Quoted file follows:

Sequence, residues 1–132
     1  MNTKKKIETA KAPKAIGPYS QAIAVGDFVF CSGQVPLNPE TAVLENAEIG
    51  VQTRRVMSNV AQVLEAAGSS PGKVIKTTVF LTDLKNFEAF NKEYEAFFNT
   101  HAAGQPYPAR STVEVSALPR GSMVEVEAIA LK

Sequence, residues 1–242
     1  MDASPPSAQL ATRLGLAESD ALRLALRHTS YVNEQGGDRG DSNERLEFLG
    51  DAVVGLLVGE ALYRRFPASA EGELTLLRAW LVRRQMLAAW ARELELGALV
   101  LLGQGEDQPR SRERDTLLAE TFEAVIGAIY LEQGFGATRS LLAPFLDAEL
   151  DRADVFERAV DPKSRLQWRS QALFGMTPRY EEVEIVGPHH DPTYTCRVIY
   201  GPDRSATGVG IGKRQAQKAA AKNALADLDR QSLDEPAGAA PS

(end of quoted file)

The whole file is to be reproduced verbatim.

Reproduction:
Sequence, residues 1–132
     1  MNTKKKIETA KAPKAIGPYS QAIAVGDFVF CSGQVPLNPE TAVLENAEIG
    51  VQTRRVMSNV AQVLEAAGSS PGKVIKTTVF LTDLKNFEAF NKEYEAFFNT
   101  HAAGQPYPAR STVEVSALPR GSMVEVEAIA LK

Sequence, residues 1–242
     1  MDASPPSAQL ATRLGLAESD ALRLALRHTS YVNEQGGDRG DSNERLEFLG
    51  DAVVGLLVGE ALYRRFPASA EGELTLLRAW LVRRQMLAAW ARELELGALV
   101  LLGQGEDQPR SRERDTLLAE TFEAVIGAIY LEQGFGATRS LLAPFLDAEL
   151  DRADVFERAV DPKSRLQWRS QALFGMTPRY EEVEIVGPHH DPTYTCRVIY
   201  GPDRSATGVG IGKRQAQKAA AKNALADLDR QSLDEPAGAA PS